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Tom Hardy Isn’t Feeling So Hardy About Veganism

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While it’s flattering that Tom Hardy equates modern day film heroes to vegans with “eight-pack[s], tanned [bodies], [and] straight-teeth” (oh, Tom, how I’d love an eight-pack), the equivalence is rather misguided. There is nothing heroic about veganism. There is nothing heroic about recognising another’s most basic moral rights. Veganism – like all other moral positions grounded in recognition of another’s value – does not require heroism or the type of inner strength one may attribute to their favourite movie protagonist who leaps in during the final scene to save the day. Veganism is the minimum standard of justice, required not only by the hero, but of everyone else who takes morality seriously too.

We can thank the “vegan” celebrities on planet stardom and the “animal advocates” who prostrate themselves in submission to the faux-wisdom of their superficial “cleanses” for promoting the notion that veganism is about tight abs, a firm butt and a skin-tight spandex suit for a multi-millionaire to frolic around in.

While Hardy is correct in this Telegraph article maintaining that modern day “heroes” have become “homogenised” and “physicalised” (which gives young people unrealistic ideals with respect to body image) he errs in equating veganism to being a diet where the vegan “heroes” are supposedly “moralistic” and all about “clean-living.” The words vegan and moralistic do not belong in a sentence together other than to say that veganism has nothing to do with making judgements of individuals or having a narrow-minded approach to morality. Instead, veganism is about what we owe to the vulnerable beings unjustly relegated to the class of things when we are not vegan, and the only thing that we should be judging as vegans are the actions of others and not the individuals themselves. There is nothing moralistic about that.

Indeed, if we were talking about violations of human rights where the so-called “hero” held as a baseline position the idea that we should respect the right all women possess to bodily integrity, I doubt Hardy would consider that to be “moralistic” and representative of some “clean-living” idealism. But where veganism is concerned, the true meaning has been diluted by “animal advocates” to the point that it’s now a just a buzz-word for celebrities to fire off in a rant about unrealistic body images.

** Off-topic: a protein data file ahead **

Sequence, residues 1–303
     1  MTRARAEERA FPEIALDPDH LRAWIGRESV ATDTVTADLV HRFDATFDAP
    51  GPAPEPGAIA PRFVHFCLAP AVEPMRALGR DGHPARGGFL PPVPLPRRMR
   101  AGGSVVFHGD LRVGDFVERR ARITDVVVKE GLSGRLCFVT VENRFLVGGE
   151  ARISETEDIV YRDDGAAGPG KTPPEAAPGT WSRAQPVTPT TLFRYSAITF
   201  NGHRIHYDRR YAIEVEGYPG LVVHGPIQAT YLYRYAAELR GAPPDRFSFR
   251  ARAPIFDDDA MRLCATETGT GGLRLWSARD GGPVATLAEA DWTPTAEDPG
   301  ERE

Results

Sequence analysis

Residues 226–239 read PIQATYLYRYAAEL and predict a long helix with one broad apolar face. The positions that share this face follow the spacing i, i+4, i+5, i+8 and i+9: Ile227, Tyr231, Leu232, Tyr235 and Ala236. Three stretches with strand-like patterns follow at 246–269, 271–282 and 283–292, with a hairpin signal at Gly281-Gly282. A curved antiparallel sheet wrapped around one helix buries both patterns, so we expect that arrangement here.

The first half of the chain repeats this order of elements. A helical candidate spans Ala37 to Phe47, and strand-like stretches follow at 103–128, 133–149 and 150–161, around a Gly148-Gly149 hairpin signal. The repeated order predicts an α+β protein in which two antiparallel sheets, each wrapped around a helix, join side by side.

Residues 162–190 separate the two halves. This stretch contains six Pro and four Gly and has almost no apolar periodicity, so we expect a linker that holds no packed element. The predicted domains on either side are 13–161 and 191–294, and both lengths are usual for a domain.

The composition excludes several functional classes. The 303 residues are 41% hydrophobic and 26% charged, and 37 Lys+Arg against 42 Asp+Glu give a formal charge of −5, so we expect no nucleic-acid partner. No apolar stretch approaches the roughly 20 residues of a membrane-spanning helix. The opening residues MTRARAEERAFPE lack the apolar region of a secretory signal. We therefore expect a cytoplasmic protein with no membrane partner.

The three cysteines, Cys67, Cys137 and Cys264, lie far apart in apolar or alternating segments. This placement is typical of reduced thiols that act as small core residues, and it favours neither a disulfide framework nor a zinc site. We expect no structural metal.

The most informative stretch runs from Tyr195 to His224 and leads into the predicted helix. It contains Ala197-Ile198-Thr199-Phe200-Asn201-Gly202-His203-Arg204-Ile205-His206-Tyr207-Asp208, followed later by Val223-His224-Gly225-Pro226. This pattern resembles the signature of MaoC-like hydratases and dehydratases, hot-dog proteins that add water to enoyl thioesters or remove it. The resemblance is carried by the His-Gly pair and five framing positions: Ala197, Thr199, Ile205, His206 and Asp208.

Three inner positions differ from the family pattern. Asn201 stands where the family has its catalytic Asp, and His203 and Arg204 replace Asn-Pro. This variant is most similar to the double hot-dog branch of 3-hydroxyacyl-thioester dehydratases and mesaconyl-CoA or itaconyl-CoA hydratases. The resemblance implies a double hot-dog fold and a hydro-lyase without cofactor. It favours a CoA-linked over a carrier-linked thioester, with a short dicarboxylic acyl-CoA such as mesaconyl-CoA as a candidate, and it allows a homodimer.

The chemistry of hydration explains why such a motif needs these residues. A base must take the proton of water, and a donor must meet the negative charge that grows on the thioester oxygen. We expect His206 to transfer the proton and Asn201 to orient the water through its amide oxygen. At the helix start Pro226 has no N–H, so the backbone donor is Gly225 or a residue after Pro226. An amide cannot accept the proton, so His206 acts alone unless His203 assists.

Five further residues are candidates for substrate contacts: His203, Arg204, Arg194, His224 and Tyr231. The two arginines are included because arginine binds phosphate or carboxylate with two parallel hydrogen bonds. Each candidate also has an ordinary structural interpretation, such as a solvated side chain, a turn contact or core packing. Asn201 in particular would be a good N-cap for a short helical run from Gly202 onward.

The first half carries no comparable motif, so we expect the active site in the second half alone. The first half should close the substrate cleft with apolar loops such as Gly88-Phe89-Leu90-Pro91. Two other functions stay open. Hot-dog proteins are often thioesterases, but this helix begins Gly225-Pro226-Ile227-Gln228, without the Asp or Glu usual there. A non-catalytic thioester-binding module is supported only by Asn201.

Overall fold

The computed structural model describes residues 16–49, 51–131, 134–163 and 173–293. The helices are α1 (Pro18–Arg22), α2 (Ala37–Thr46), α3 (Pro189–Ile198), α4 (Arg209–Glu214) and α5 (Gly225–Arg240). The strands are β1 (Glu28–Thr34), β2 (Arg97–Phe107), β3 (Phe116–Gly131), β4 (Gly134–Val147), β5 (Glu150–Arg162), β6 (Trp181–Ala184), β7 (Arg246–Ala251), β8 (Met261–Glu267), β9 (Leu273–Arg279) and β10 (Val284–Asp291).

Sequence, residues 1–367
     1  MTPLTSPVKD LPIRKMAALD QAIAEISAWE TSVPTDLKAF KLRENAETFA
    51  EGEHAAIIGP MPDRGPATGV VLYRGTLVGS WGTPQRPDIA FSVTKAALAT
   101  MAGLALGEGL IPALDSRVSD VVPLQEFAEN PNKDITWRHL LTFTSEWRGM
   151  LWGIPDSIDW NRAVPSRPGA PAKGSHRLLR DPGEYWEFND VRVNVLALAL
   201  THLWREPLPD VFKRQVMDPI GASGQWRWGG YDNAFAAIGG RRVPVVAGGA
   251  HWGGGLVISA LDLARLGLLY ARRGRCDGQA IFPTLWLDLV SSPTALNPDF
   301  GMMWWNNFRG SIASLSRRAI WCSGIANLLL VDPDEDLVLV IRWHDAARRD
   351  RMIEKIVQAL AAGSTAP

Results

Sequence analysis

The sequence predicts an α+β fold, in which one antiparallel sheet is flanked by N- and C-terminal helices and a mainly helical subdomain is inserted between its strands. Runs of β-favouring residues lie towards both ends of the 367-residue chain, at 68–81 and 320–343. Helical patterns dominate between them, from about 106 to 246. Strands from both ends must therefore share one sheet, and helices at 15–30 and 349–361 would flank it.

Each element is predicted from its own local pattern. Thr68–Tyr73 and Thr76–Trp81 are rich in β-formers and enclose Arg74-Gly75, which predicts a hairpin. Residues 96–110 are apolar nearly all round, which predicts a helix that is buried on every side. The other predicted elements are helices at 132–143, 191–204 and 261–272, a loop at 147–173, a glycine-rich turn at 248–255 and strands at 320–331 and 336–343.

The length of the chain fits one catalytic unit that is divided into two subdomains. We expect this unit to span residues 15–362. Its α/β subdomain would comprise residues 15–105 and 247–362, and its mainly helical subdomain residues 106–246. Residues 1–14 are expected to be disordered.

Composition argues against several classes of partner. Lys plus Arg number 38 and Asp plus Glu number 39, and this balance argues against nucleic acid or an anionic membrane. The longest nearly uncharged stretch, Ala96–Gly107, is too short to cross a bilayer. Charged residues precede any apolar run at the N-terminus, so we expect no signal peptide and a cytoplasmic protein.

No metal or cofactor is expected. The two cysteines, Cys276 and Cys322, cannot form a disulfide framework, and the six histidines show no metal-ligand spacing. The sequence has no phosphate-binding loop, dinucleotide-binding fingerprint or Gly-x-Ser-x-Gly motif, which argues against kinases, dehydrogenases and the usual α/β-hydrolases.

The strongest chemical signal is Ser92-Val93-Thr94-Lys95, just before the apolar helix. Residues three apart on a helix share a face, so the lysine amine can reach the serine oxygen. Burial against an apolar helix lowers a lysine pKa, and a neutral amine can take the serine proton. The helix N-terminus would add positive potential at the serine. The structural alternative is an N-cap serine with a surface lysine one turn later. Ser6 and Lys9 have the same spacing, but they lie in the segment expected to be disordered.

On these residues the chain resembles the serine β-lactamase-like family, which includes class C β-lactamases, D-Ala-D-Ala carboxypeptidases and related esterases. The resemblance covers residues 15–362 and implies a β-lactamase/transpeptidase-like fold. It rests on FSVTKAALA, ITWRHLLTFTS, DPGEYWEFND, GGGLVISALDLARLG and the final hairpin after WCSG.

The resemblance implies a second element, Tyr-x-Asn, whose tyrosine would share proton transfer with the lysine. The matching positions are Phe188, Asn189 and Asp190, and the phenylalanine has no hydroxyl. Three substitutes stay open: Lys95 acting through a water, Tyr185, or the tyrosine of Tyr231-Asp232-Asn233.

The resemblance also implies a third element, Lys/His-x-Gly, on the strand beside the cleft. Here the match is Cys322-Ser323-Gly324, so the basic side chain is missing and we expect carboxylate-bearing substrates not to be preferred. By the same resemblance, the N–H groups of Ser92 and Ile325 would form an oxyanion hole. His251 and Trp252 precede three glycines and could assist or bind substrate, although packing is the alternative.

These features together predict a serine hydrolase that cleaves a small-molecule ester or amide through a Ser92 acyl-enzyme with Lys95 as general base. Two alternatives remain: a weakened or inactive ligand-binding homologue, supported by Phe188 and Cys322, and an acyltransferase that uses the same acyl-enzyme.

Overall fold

In some respects, it’s rather ironic how Hardy is portraying veganism as being responsible for Thor’s resplendent and bulging torso while the mainstream media and the corporate bodies that control it are hell bent on pumping out anti-vegan propaganda – stuff that would have you believing that after a week of being vegan you’d be a malnourished husk. Isn’t it nice when the mass media gets so drenched in its own excrement that it’s swallowed again by its own arsehole. Delight in the irony, folks.

Hardy signs off saying that these “moralistic” movie heroes are “not committed to any sense of the gubbins of reality” and that he “[doesn’t] recognise” any of these characters. In other words, there is no sense of humanity in them with the expected corresponding flaws, imperfections and human desires.

What Hardy hasn’t grasped is that veganism represents a recognition of fundamental rights, and cannot be relegated to a “moralistic” quest for purity. It has nothing to do with perfection or denying our sense of humanity. It’s about recognising that our own conventional wisdom – maintaining that it’s wrong to inflict unnecessary suffering and death on animals – has veganism as the only rational conclusion. It’s about recognising that, regardless of the individual preferences or characteristics that make us all different, there are certain moral baselines that transcend individual idiosyncrasies and that require our adherence if we wish to live moral lives. Respect for the fundamental right that all sentient beings possess not to be used as property is one of them.

Whether you’re a hero in a movie or the janitor who sweeps up on a movie set, veganism is a non-negotiable moral baseline if you believe animals have moral value.

Photo from Hollywood Reporter

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